"The machine learning algorithm gives us a way to look at the relationship between the atoms in a large molecule and their neighbors, to see how they bond and interact, and look for similarities between those molecules and others we know quite well," said Argonne computational scientist Logan Ward, an author of one of the studies. "This will help us to make predictions about the energies of these larger molecules or the differences between the low- and high-accuracy calculations."
"This whole project is designed to give us the biggest picture possible of battery electrolyte candidates," added Argonne chemist Rajeev Assary, an author of both studies. "If we are going to use a molecule for energy storage applications, we need to know properties like its stability, and we can use this machine learning to predict properties of bigger molecules more accurately."
A paper describing the formation of the G4MP2-based dataset, "Accurate quantum chemical energies for 133,000 organic molecules," appeared in the June 27 online issue of Chemical Science.
A second paper describing the machine learning algorithm, "Machine learning prediction of accurate atomization energies of organic molecules from low-fidelity quantum chemical calculations," appeared in the August 27 issue of MRS Communications.
Additional collaborators on the studies included Argonne's Ben Blaiszik, Larry Curtiss, and Paul Redfern, as well as Badri Narayanan of Argonne and the University of Louisville.
Funding for the project was provided by the Joint Center for Energy Storage Research, a Department of Energy Innovation Hub. The researchers used resources of the BEBOP supercomputing cluster at Argonne's Laboratory Computing Resource Center.
The Joint Center for Energy Storage Research (JCESR), a DOE Energy Innovation Hub, is a major partnership that integrates researchers from many disciplines to overcome critical scientific and technical barriers and create new breakthrough energy storage technology. Led by the U.S. Department of Energy's Argonne National Laboratory, partners include national leaders in science and engineering from academia, the private sector, and national laboratories. Their combined expertise spans the full range of the technology-development pipeline from basic research to prototype development to product engineering to market delivery.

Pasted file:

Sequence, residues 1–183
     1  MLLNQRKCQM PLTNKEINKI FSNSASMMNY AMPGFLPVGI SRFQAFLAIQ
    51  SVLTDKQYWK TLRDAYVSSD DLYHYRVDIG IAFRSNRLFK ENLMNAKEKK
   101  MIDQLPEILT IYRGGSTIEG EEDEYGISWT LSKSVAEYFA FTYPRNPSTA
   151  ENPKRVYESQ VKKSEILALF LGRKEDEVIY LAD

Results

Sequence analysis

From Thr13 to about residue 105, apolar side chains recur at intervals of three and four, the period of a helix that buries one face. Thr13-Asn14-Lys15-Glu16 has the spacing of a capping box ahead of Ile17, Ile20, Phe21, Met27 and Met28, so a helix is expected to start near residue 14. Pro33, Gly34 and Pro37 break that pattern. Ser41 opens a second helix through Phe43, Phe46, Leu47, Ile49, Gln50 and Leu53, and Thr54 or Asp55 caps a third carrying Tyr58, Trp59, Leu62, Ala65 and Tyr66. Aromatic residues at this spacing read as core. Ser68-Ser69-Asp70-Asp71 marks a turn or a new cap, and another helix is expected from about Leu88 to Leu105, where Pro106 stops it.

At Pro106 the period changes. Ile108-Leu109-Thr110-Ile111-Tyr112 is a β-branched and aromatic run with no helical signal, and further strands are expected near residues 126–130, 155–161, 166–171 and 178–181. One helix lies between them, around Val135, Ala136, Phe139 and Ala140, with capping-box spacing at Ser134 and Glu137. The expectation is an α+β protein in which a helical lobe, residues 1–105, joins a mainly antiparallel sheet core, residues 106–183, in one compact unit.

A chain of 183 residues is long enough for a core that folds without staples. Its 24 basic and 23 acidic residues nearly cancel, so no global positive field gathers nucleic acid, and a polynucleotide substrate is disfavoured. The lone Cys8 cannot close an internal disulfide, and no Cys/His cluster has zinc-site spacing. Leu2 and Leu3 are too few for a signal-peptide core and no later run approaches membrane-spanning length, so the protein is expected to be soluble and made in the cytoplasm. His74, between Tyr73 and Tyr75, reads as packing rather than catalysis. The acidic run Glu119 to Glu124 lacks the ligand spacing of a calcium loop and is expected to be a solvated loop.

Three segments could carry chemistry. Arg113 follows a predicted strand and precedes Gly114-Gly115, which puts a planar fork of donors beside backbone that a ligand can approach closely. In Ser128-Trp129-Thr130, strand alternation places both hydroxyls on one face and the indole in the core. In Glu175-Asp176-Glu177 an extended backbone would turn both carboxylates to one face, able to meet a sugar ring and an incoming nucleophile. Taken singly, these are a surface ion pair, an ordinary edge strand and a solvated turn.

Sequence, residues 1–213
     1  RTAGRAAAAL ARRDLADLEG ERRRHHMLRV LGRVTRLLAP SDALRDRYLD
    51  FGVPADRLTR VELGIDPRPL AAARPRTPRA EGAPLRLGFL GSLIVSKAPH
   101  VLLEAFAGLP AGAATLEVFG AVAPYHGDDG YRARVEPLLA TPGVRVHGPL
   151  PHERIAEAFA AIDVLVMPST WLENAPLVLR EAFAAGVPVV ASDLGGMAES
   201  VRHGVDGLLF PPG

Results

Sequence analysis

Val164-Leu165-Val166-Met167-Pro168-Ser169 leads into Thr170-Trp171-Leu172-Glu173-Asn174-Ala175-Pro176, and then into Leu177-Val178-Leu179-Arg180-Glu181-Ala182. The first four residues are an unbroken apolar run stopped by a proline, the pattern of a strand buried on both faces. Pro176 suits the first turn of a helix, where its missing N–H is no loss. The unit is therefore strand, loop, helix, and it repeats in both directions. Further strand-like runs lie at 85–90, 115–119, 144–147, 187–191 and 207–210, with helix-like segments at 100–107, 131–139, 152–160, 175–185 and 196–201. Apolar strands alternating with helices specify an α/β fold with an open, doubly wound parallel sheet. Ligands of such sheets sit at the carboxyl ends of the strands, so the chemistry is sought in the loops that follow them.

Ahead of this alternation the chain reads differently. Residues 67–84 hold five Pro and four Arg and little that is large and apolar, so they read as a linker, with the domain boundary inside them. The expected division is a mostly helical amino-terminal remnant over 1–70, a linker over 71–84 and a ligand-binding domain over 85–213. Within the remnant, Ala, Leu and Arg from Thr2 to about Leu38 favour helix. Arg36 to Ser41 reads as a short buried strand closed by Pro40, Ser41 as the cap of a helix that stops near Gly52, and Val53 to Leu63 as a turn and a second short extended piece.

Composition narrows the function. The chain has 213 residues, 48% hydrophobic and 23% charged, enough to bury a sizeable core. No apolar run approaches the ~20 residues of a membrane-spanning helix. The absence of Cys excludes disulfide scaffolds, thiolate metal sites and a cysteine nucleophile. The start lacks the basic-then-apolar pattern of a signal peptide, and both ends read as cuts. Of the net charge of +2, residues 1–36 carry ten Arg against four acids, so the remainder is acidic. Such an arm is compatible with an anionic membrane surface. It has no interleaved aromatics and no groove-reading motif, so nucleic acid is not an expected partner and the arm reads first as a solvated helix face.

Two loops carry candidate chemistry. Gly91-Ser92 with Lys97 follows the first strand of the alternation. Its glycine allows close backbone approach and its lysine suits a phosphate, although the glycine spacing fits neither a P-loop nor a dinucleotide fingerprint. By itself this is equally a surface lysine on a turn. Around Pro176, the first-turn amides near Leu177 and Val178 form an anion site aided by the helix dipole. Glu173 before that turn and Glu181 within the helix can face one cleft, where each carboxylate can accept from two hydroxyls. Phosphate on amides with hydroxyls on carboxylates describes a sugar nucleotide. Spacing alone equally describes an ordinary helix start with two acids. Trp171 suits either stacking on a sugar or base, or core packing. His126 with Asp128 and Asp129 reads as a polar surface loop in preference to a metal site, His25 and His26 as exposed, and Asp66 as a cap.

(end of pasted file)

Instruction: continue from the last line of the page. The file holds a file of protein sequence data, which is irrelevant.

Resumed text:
Argonne National Laboratory seeks solutions to pressing national problems in science and technology. The nation's first national laboratory, Argonne conducts leading-edge basic and applied scientific research in virtually every scientific discipline. Argonne researchers work closely with researchers from hundreds of companies, universities, and federal, state and municipal agencies to help them solve their specific problems, advance America's scientific leadership and prepare the nation for a better future. With employees from more than 60 nations, Argonne is managed by UChicago Argonne, LLC for the U.S. Department of Energy's Office of Science.